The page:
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Moral Intuitions

Humans have moral intuitions. We feel that actions vary from being very wrong to very good. These feelings are derived from evolution and culture. Some cultures imbue different feelings in their inculcates: Haitian Christians are “righteously” murdering homosexuals while Americans feel it morally necessary to give them the right to marry. Moral intuitions aren’t consistent across humanity.

Still, strip away the layers of cultural development and something is left: Human universals — of which anthropologists have cataloged dozens. I suspect for any secluded tribe of which there has been little cultural development what remains is humanity’s moral universals. For instance, I doubt murdering at a whim is considered morally good, anywhere. No doubt that random killings happen, but is it considered a moral good? Actually, the more I think on it, the less sure I am. I can imagine cultures where random killings are considered morally neutral — even killings amongst their own. This might be the case in war torn areas of Africa where child soldiers roam the country sides pillaging and murdering. At the least, if there are moral universals, I’d be surprised if they weren’t easily overridden by culture. Or perhaps moral universals are less obvious from a Western perspective. Perhaps something like acquiring status is a moral universal. Perhaps, universally, it’s morally good to execute higher status actions. High status does seem to be universally defined as a good. Even in communist and socialist circles there is status. Whatever the case, morality isn’t immutable, and culture is the dominating factor.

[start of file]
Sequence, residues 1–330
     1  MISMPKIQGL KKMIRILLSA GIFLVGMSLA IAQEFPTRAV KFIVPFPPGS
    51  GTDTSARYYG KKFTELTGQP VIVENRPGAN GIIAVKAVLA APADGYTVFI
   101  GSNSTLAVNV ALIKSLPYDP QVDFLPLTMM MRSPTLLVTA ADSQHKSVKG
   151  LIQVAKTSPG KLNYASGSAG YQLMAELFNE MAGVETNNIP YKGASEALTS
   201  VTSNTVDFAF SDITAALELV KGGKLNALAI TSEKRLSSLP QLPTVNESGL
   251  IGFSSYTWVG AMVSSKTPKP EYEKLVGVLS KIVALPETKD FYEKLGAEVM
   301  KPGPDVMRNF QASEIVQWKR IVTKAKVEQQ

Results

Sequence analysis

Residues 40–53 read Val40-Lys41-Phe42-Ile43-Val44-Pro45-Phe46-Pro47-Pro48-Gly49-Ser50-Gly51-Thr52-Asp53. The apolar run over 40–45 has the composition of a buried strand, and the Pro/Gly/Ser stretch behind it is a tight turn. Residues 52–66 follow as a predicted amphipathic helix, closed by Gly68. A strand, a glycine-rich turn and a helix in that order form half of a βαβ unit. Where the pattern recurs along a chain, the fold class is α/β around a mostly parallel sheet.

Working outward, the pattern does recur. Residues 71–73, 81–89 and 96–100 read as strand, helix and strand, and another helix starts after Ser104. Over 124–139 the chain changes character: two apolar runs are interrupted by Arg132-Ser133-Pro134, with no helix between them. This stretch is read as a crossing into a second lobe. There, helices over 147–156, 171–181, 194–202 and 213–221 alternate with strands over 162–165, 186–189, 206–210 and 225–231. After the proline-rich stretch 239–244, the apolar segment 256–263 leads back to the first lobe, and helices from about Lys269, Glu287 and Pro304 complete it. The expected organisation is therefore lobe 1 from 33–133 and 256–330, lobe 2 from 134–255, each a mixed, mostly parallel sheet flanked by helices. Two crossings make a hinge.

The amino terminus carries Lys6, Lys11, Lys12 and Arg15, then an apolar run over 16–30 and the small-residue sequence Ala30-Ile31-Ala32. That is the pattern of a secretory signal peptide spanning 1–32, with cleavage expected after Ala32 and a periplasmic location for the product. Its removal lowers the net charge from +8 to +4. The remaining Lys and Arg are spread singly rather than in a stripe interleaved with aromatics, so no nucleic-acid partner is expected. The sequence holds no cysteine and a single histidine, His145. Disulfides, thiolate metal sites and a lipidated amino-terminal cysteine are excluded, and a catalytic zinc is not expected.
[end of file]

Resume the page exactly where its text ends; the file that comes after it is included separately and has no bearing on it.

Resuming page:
What does this say for normative ethics? Can there be a consistent and coherent way of morally evaluating an action? Is there a complete system of morality from which our current intuitions approximate? I suspect not. I suspect moral intuitions are developed by a cultural system of heuristic building. “This heuristic works well enough for our society, and so our citizens should be expected to adopt it lest they lose status.” And ad infinitum. What you’re left with is a patchwork of heuristics that help society flourish — this may be what evolution brought to the table. But, wait, can’t this process be optimized? Can’t it be turned into math?

The answer is “yes, but.” But once you take this process into the realm of math and make it optimal, it takes on another shape. A shape that humans weren’t evolved to intuit, like quantum-level effects. Maximizing average or total preferences, happiness, ideals, and so on becomes the goal and consequently leads us to strange conclusions. Conclusions we won’t accept. But, wait, average and total utility? Does that make any sense given what we know about morality? Morality is a system for guiding interactions among people. It’s not meant for individuals. What’s good is what’s good for society — not for all the individuals in that society. We’re doing the wrong math!

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